There are pros and cons to both extraction methods, so when deciding which one to opt for, you need to consider how the two different approaches work and what kind of result they produce. After all, these two are also used in the production of entirely different products, so it would be best to take a look at both.
The History of CO2
CO2, better known as carbon dioxide, is a naturally occurring compound that is found all around us. It’s essentially a gas that covers the entire planet and protects it from the Sun’s rays. Plants require a certain amount of CO2 to grow with the help of photosynthesis.
Even though its natural state is gaseous, it can be frozen and compressed into a liquid. In 1835, CO2 was liquefied for the first time by Humphry Davy and Michael Faraday. Nowadays, CO2 has found its place in the chemical, oil, and food industries.
The History of Ethanol
Ethanol is a chemical compound which is produced by yeast fermentation. Ethanol is better known as alcohol, and it can occur naturally, but most of the world’s ethanol is artificially produced.
Ethanol has a lot of different uses, and it’s used in many various industries. However, pure ethanol can be harmful to the eyes and skin. That’s why it’s important to remember always to be careful when working with non-purified ethanol. This chemical can also be used in botany when a plant gets too large, and its growth needs to be stunted.
The extraction of CO2 occurs when carbon dioxide is exposed to the correct pressure conditions and temperatures. CO2 extraction is a prevalent method in acquiring essential oils, as it has an extremely low risk of toxicity.
When CO2 is pressurized and cooled, it becomes a supercritical liquid. This means that its state becomes something between gaseous and liquid. When a substance is in this state, it’s much easier to separate structures and extract essential oils. Supercritical extraction was first used somewhere during the 1990s as an alternative and safer method of extraction.
The Process of CO2 Extraction
A special machine is used in CO2 extraction, which is both costly and complicated. It can cost up to hundreds of thousands of dollars and can be used only in laboratories by highly trained professionals. This machine consists of three different chambers:
- one pressurizes and cools down the CO2
- the second stores the plant material
- the third chamber recaptures and reuses the CO2
In the first chamber, the CO2 is exposed to extremely low temperatures and high pressure, which will turn the gas into a fluid. When this fluid is reheated, it becomes supercritical, and it can pass through the chamber holding the plant material. There, it will extract and capture the plant’s active compounds.
Finally, the remaining CO2 is transported into the third chamber, where it is stabilized back into a gaseous state.
The most significant advantage of this method is its customizability. Since the pressure and temperature can be customized, various CO2-based products can be produced. Even though it’s not the most cost-effective method of producing cannabis concentrates, it’s still one of the safest and most popular ones.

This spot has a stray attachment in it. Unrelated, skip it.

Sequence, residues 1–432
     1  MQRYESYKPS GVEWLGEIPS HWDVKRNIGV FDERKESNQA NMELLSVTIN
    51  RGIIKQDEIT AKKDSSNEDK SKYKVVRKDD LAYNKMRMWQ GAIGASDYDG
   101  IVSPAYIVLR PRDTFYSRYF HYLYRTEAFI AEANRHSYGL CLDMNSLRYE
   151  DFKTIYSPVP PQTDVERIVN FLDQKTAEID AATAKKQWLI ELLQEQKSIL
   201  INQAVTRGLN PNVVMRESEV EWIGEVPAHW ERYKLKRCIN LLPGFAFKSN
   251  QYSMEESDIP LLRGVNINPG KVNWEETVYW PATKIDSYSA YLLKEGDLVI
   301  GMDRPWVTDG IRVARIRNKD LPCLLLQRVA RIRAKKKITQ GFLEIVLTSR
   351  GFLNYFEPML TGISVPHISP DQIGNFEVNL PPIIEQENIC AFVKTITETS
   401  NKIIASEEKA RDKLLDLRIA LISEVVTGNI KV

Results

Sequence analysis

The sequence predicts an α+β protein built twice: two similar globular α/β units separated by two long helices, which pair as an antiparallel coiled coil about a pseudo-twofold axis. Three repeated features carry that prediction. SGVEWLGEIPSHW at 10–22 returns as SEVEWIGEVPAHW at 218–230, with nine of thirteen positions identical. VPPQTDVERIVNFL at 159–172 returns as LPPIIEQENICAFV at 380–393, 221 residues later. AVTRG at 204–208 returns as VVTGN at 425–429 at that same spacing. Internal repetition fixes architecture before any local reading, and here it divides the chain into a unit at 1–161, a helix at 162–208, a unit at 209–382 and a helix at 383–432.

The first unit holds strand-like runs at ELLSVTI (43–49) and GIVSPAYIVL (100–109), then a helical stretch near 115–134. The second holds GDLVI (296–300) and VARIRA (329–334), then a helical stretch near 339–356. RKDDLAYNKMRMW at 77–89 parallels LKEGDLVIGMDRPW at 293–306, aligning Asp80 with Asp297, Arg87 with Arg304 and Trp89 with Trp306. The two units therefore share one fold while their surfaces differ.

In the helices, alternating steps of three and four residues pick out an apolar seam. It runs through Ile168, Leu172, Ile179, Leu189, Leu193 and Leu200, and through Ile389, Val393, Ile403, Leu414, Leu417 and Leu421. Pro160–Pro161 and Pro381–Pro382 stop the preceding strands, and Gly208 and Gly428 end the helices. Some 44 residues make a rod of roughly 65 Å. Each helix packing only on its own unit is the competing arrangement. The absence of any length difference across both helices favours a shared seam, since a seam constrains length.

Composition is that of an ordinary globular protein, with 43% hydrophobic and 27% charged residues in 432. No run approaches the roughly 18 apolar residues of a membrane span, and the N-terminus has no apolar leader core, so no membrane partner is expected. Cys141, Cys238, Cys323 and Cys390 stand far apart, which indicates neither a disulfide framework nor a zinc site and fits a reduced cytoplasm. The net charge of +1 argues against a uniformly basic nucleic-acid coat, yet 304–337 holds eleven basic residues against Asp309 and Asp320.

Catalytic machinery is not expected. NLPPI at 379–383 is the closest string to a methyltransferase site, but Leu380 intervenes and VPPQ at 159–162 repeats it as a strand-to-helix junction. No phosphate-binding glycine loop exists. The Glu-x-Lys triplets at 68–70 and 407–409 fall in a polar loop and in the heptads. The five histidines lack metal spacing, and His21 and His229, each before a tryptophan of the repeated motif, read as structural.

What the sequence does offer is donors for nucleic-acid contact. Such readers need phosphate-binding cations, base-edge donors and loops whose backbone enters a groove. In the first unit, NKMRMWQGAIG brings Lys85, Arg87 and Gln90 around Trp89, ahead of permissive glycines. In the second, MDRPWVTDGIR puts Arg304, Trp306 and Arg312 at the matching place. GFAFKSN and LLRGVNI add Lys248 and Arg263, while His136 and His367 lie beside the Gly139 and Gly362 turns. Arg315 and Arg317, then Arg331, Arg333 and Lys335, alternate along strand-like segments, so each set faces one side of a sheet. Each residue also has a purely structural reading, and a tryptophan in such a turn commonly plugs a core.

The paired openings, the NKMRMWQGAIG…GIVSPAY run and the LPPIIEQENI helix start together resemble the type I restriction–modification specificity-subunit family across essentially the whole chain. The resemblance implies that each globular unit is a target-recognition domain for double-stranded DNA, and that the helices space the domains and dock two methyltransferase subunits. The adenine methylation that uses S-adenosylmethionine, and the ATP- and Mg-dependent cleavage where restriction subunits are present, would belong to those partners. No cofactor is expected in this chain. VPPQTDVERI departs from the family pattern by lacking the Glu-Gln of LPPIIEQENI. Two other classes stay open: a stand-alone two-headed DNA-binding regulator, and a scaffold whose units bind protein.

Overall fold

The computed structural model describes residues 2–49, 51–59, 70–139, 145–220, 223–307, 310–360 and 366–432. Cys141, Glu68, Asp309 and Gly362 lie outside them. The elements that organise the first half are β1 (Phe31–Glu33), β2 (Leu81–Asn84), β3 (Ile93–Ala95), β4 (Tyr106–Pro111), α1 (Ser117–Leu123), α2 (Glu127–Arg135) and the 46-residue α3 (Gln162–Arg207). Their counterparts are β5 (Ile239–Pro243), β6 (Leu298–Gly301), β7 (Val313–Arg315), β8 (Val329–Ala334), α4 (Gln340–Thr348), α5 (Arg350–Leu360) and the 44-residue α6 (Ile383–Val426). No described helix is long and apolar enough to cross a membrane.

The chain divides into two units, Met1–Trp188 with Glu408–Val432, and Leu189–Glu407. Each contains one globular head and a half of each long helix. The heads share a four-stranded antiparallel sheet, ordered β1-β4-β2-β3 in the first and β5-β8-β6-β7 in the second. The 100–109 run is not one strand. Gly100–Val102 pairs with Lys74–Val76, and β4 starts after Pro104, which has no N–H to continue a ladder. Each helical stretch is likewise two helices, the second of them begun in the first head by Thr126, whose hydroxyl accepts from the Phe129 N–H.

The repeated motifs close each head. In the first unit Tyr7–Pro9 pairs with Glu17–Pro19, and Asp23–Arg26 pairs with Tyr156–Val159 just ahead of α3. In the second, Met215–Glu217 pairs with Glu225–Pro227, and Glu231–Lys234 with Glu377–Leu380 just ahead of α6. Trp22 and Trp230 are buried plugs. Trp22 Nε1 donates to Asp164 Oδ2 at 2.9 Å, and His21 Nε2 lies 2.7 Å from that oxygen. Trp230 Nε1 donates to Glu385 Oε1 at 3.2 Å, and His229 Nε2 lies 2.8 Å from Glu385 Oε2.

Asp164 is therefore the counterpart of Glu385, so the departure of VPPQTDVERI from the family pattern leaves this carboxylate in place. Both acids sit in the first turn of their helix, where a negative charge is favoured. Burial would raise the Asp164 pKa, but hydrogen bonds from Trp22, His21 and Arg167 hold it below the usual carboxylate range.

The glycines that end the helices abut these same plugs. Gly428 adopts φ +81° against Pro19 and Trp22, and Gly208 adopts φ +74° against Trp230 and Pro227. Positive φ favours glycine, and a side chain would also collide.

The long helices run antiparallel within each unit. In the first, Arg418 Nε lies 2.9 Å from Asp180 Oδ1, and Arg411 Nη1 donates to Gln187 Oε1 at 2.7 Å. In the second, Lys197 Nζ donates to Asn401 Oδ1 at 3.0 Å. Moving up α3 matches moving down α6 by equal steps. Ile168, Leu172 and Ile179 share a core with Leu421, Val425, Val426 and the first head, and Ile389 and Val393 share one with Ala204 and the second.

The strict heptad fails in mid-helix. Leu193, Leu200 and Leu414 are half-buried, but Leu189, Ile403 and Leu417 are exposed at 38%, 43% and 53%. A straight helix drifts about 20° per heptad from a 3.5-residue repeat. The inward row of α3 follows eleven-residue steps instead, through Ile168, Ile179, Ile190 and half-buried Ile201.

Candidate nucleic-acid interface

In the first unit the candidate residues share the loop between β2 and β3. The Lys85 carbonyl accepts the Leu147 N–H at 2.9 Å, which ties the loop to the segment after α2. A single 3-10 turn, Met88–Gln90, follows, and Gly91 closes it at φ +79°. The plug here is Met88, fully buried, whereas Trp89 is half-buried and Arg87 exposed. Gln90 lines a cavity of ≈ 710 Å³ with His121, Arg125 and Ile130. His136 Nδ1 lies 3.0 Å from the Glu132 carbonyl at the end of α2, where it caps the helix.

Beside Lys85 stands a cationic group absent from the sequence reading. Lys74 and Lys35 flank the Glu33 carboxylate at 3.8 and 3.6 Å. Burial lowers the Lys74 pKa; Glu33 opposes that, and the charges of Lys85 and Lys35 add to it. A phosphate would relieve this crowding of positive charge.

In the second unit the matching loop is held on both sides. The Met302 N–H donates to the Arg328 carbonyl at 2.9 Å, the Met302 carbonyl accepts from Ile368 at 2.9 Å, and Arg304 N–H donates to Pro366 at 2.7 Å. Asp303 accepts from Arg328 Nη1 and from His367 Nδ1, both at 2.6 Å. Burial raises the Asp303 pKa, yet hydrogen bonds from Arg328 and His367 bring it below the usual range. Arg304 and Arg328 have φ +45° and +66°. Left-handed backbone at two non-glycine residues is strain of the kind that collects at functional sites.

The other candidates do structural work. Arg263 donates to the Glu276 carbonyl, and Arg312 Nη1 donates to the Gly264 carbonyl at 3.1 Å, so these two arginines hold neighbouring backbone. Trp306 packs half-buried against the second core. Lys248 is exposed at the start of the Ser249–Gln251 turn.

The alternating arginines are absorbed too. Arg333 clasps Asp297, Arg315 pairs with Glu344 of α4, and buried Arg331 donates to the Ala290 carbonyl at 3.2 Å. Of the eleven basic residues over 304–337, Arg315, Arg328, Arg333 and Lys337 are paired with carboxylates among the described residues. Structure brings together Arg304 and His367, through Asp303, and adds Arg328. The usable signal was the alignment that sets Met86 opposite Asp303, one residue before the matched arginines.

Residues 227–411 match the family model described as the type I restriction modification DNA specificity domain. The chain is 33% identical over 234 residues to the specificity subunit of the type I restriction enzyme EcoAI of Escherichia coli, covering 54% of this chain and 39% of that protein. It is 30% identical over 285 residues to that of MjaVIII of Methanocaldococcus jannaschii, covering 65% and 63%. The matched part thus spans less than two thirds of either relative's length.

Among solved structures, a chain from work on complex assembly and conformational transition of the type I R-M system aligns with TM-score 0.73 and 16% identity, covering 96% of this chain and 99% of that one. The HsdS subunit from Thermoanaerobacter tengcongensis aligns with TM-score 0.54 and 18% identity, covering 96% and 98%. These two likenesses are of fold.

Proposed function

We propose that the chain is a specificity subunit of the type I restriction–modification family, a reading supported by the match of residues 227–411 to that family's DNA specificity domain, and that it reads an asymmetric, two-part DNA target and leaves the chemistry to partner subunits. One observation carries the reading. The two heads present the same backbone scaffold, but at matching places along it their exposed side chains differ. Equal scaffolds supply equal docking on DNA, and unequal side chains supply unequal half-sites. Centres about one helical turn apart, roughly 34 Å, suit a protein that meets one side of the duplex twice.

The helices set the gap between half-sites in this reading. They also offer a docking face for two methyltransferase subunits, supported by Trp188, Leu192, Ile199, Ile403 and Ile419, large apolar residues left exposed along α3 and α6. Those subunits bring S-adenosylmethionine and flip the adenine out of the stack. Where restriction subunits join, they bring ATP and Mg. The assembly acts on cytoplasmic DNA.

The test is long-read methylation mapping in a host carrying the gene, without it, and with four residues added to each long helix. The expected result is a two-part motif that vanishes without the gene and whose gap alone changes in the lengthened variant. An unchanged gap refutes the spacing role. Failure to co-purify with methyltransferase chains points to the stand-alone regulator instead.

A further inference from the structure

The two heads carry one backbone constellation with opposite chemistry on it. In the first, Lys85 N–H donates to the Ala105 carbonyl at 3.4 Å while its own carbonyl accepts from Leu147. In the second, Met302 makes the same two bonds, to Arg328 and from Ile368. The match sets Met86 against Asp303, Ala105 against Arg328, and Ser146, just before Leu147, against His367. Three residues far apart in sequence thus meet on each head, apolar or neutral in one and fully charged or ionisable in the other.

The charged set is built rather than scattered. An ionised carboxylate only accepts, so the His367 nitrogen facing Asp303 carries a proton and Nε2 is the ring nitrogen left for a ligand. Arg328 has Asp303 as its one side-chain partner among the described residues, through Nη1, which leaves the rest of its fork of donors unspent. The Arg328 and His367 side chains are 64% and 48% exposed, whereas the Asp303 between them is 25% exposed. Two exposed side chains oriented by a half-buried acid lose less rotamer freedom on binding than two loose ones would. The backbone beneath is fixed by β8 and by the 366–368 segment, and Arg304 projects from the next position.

It’s hard to pinpoint the exact moment when people first started using ethanol extraction for cannabis, but we do know it’s been around for a while now. Some records show ethanol-based cannabis extracts had been sold in the US up until cannabis was outlawed in 1937.
Ethanol extraction is done with the use of alcohol as a solvent. Unlike other solvents such as butane, the advantage of ethanol is that it poses almost no risk of toxicity to the user.
Alcohol is often used as a solvent, and unlike CO2 extraction, ethanol extraction can be done without the use of expensive machinery. You can do it in your own home, but machines for ethanol extraction would provide you with a higher-quality product.
The Process of Ethanol Extraction
In this process, cannabis is soaked in ethanol and left to sit for a certain amount of time (usually for an hour). Since it’s a bipolar solvent, meaning it can mix with elements which do and do not blend well with water, it’s believed to be a better solvent than CO2.
After that amount of time passes, the plant material is removed from the container. The next step is to use evaporation to remove the alcohol and filter the remaining liquid.
One of the downsides, since ethanol pulls all sorts of materials from the plant, is that at-home production will usually leave you with a bitter-tasting product which is a darker green color.
Since ethanol is extremely flammable, this method should be performed with extreme caution. The temperature needs to be carefully controlled during the entire process, but especially during evaporation. Advanced machines will be able to control this easily, but people who try this method at home should be careful.
CO2 or Ethanol?
Which method is “better” depends on your budget and desired product. If you’re willing to invest in large-scale production, the CO2 method is preferable. If this is a business opportunity, it would be much better to invest in a good machine which will pay for itself in due time.
On the other hand, if you’re looking for a small-scale project and something you can do in the comfort of your own home, ethanol extraction would be a better choice. It’s a safe option that doesn’t require much investment, but it wouldn’t be suitable for a business opportunity.